Paper review: Megastore

September 24, 2011

This is a paper review of "Megastore: Providing Scalable, Highly Available Storage for Interactive Services" by Baker et al. This was published at CIDR in 2011. The basic idea is providing ACID semantics across geographically-distant datacenters with highly partitioned datasets and an efficient Paxos replication scheme.

Main ideas

The basic premise of Megastore is that some applications require strong ACID semantics, while also desiring the fault-tolerance that comes with cross-datacenter replication. They claim that existing solutions (like a heavily sharded MySQL database) do not fill this niche because they are hard to manage and scale, driving a need for Megastore. Megastore does this by asking application developers to partition their data into entity groups, where each group represents a relatively small amount of data: the profile for one user, or a single blog account. Operations within the group get full ACID semantics; cross group operations have to build their own consistency model, perhaps two-phase commit, or something looser. Megastore also allows applications to do less-consistent reads for lower latency.

The data model and query language for Megastore also differs from traditional RDBMSs. The data model isn't relational since it's built on top of Bigtable (which in turn, is on top of GFS), but is still strongly-typed and consists of properties within tables. The query language is more limited; being based on Bigtable means that there isn't support for joins. This is fixed either by denormalizing the data, or doing it in application code. There seem to be a lot of tricks for creating indexes and doing data placement efficiently.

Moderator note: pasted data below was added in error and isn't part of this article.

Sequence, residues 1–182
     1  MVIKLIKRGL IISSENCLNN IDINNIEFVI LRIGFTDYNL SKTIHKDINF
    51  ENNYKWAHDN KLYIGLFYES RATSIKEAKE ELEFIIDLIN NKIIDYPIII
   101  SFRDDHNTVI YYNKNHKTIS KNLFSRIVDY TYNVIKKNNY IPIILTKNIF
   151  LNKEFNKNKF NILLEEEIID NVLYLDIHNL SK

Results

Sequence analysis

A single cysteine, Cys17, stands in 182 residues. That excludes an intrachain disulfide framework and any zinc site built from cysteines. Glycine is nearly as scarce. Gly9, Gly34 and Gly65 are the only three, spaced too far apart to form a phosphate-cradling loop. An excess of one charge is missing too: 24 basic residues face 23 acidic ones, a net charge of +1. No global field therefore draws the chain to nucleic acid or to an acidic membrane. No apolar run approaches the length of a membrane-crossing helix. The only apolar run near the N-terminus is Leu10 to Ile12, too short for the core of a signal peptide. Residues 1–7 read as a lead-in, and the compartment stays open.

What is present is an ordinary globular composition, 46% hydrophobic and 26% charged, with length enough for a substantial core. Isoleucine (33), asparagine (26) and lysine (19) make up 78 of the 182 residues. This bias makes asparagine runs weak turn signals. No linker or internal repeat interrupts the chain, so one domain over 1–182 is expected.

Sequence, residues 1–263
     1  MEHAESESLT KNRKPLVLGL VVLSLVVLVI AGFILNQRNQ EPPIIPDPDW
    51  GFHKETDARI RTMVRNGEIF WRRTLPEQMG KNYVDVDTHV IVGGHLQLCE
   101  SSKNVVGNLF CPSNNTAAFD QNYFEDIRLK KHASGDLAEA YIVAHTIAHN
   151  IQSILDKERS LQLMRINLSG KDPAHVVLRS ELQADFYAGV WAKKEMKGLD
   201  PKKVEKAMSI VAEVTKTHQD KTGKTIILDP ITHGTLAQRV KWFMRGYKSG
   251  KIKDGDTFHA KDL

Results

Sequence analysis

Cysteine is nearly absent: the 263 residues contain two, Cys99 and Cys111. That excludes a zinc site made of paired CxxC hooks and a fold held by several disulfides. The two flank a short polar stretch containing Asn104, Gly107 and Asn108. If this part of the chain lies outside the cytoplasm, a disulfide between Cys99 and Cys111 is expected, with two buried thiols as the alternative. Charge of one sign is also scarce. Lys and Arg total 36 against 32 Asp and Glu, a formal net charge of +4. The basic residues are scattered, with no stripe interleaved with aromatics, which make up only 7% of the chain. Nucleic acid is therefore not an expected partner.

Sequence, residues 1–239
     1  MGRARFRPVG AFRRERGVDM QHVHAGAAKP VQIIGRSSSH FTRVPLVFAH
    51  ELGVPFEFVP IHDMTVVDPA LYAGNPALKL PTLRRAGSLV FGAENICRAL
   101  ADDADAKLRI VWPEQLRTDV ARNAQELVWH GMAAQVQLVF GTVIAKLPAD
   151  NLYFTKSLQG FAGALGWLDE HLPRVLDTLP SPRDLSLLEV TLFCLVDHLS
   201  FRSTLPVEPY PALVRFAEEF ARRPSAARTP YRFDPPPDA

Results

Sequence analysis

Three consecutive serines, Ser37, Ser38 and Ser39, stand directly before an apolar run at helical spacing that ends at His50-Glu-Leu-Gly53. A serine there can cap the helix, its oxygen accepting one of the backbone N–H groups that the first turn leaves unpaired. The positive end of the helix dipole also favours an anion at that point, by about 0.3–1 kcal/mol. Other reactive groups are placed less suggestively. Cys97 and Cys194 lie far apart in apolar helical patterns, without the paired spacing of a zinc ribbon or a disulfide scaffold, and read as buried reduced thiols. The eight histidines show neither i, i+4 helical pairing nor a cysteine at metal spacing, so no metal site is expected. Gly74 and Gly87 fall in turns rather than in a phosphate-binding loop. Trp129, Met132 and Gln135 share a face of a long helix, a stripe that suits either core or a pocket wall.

Log replication is done by using Paxos to resolve each log entry before applying it. Multiple writers race to get a single leader to accept their write; failed attempts have to be retried. Performance wise, they still have to do an inter-datacenter roundtrip even in the best case of a stable leader and being able to piggyback accepts and prepares. This means that they're never going to do better than a few writes per second; they quote a figure of 100-400ms latency per write. This is okay as long as the entity groups are small and the application write rates are thus low. Reads can be done without a roundtrip by having a special coordinator in each datacenter which tracks when replicas become out of date.

Future relevance

The biggest thing that stuck with me when reading this paper was that as a developer, this sounds really painful to use. Partitioning data that finely is painful, and you have to build inter-group consistency yourself. This indicates to me that schema changes might be common, but that's really painful since data is denormalized and there's all this schema-specific app-level code built on top to do joins and consistency. The claim that there is "predictable performance" from a lack of joins seems unsubstantiated. Building on top of Bigtable which is on top of Megastore means that it's very hard for developers to reason about what is actually going on under the hood. Furthermore, developers have to program around the super slow write rate. Hiding a slow Megastore write behind an asynchronous Javascript call sort of defeats the purpose of having ACID.

Compared to other Google papers like GFS and MapReduce, Megastore just seems way too complicated. It doesn't convince me that it's chosen the right point in the design space, or that it's fulfilling a particularly pressing need for real applications. I think it's still interesting to hear about, but I wouldn't pick this for a 10 year best paper award.

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